The coastal state of Kerala, like most places along India’s western shoreline, is dotted with small fishing villages. In the 1970s, rough waves would wash away some village or the other with routine splashes, and every year the displaced fishermen and women would receive a steep government compensation for clothing, blankets and even replacement huts. In 1974, an architect living and working in Trivandrum (now Thiruvananthapuram) approached Kerala’s Chief Minister to suggest an alternate solution. Instead of wasting Rs. 3,000 of State resources per compensation each year, why not just build pucca (permanent) houses that would ride the storm long-term, literally and figuratively? As the C.M. green lit the project, they acquired land just behind the beach to give Trivandrum’s coastal-dwelling fisher people stability in terms of housing.
While the project was riddled with its fair share of challenges, this architect rose to the occasion. “The fishermen are quarrelsome people, and I didn’t have much time to study the project or think about it,” he described in an interview with Gautum Bhatia, explaining the time constraints he had to work with. As an architect, he rejected the concept of long row houses, each one identical to the next. “…I staggered the housing in a way that they catch the breeze, and they get a view of the sea; at the same time leaving little private triangles of land in between houses where they could dry nets and kids could play; they were all distressed over the storm damage, and we had to get them up as quickly as possible and we mainly wanted to demonstrate that such permanent structures could be put up quickly.” As beautiful, cost-effective and strategically masterful individualistic housing lined the coast, each house resonated with the specific needs of its inhabitants, and didn’t pander to the preferences of the architect. And keeping with this style, Mr. Laurie Baker applied these principles across the 41 years he worked in India, earning the title of the father of low-cost housing.
Mr. Laurie Baker [March 2, 1917 - April 1, 2007] and his journey
When Laurence Wilfred Baker, a young Englishman, studied at King Edward’s Grammar School in Aston, England, his dissatisfactory marksheet lead his headmaster to ponder long and hard as to what would be a suitable career choice for the young boy, fondly known as Laurie. After much thought, he asked, “Do you know how to sketch houses?” “Yes, I’ve sketched quite a few,” Laurie responded.
Laurie Baker graduated from the Birmingham School of Architecture in 1937, when Europe was on the brink of unrest. As the dark clouds of World War II loomed, the Quakers religious group formed various centres to take care of injured soldiers, and Baker found himself joining the cause. As the Japan-China war continued, the Quakers sent a group of volunteers to help the wounded, and that’s how Baker soaked in the lifestyle, craftsmanship and philosophy of China for three years. Making his way back to England, he came to India to catch the streamer from Mumbai to London. As the streamer would not leave for another three months, he had to stay in India, and as it turned out, his heart would never leave.
Through his Quakers associates, he was introduced to Mahatma Gandhi, who greatly influenced Baker as he expressed his concern over the state of Indian architecture. He began attending Gandhi’s lectures and prayer meetings, and even though he returned to England then, he came back to India in 1945, and never left again. For the first few years he spent in the subcontinent, Baker travelled and helped build leprosy hospitals, spending a long time in Faizabad, U.P. As he met doctor Elizabeth Chandy, he fell in love and they were married in 1948, after which they couple moved to Pithoragarh in the Himalayas. Here, for nearly 15 years they ran clinics, helped the locals by building hospitals and schools, and Baker imbibed techniques of generations of local communities to optimize local resources. Soon after, the pair moved to Elizabeth’s home state of Kerala, where Baker worked for over 40 years and carved out a unique style of architecture, laying the cornerstone for low cost housing in India.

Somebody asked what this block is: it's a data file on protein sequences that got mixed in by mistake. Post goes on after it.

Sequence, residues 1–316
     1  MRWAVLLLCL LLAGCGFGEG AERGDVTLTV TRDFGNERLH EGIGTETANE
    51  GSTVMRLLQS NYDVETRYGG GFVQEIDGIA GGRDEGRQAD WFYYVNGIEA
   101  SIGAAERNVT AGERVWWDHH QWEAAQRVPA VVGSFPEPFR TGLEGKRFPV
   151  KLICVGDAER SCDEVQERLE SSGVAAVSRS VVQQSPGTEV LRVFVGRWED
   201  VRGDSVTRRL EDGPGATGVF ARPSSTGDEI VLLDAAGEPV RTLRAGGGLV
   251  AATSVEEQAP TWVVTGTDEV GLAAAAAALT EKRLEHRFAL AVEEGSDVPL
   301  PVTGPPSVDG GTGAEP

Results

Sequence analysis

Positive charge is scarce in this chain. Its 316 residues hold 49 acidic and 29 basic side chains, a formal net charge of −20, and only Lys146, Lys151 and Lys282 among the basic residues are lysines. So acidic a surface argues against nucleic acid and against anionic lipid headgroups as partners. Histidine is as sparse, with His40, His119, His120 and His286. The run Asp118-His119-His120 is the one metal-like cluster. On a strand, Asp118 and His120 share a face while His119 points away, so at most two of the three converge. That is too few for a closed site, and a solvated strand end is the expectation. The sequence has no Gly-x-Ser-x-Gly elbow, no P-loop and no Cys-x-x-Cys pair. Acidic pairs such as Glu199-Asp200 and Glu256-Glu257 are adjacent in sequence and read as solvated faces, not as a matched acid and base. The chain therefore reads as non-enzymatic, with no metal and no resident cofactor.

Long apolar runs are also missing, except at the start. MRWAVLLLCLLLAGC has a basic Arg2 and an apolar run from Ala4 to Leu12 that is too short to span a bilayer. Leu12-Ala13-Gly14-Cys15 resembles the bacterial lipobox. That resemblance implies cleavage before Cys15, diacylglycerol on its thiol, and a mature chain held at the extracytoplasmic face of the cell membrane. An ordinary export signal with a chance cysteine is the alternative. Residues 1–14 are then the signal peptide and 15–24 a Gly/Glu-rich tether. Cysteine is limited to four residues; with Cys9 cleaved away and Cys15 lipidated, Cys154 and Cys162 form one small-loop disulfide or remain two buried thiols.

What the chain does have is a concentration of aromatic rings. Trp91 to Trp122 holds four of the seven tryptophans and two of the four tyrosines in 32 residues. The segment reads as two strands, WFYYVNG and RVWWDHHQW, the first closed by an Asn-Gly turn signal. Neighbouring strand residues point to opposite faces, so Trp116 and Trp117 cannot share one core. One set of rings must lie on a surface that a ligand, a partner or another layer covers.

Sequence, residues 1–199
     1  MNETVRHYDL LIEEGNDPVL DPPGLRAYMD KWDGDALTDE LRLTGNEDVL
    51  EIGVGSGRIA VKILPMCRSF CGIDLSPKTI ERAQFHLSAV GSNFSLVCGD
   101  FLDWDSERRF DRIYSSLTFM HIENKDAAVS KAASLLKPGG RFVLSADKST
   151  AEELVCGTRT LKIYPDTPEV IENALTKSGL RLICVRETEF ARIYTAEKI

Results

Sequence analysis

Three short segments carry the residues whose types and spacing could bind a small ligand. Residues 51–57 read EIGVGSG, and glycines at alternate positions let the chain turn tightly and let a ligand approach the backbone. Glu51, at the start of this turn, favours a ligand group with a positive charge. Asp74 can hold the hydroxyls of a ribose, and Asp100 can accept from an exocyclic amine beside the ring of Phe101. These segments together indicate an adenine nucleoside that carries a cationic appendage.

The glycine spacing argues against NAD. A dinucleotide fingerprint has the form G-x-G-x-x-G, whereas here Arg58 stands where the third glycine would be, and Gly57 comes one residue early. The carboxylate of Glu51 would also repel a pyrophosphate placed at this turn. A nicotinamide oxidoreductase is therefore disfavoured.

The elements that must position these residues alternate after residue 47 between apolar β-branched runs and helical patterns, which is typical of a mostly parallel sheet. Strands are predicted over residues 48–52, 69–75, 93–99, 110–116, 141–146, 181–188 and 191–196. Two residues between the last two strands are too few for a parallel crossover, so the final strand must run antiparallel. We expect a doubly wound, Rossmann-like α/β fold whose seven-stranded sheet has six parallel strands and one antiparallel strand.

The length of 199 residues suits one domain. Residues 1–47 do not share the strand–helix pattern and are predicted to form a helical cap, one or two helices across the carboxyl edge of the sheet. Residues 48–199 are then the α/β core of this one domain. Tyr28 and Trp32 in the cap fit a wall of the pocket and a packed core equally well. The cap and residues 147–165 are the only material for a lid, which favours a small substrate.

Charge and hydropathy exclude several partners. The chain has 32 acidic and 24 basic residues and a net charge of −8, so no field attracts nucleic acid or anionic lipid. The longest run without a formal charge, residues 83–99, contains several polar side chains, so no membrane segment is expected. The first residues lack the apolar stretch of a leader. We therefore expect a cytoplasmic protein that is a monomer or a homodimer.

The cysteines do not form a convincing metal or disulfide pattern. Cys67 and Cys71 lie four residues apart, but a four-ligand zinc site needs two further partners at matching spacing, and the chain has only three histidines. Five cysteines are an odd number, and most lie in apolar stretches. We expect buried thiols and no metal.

The guru of low cost housing and his principles
For over four decades, Baker channelled his principles of simplicity, minimalism and individuality to design low-cost, high-quality, visually unique and energy-saving houses. His vision rejected imported, pricey, energy-guzzling materials, and replaced them with local, cheap and renewable ones. If the last few decades of the 20th century found you in Thiruvananthapuram, you would see exuberant structures built with mud bricks from local clay, bamboo, lime made from clamshells found on the beach, and other inventive natural objects. Western-style flat roofs were traded in for traditional Indian sloping ones with vents and gables. Elaborate windows with glass panels seemed wasteful, wherein jalis could encourage cool breeze as well as diffuse the rays of the sun in beautiful patterns. Even broken bricks and other ‘waste’ material was reused in ingenious ways. With conservation, indigenous methods and innovative natural techniques being the forerunners of Baker’s style, he managed to build houses tailored logically for the needs of his clients, instead of branding his edifices with a trademark design and wasteful mastery. And as he introduced a whole new perspective to the world of architecture, those rooted in their old ways didn’t take too well to Baker’s novel methods. Ms. Kuttaiah, senior associate at a global architecture firm, tells us over email, “His construction/principles are looked at as experimental inquires and as an “alternative” approach (much like alternative cinema). Big builders can’t embrace it because of several limitations in terms of applicability and construction.”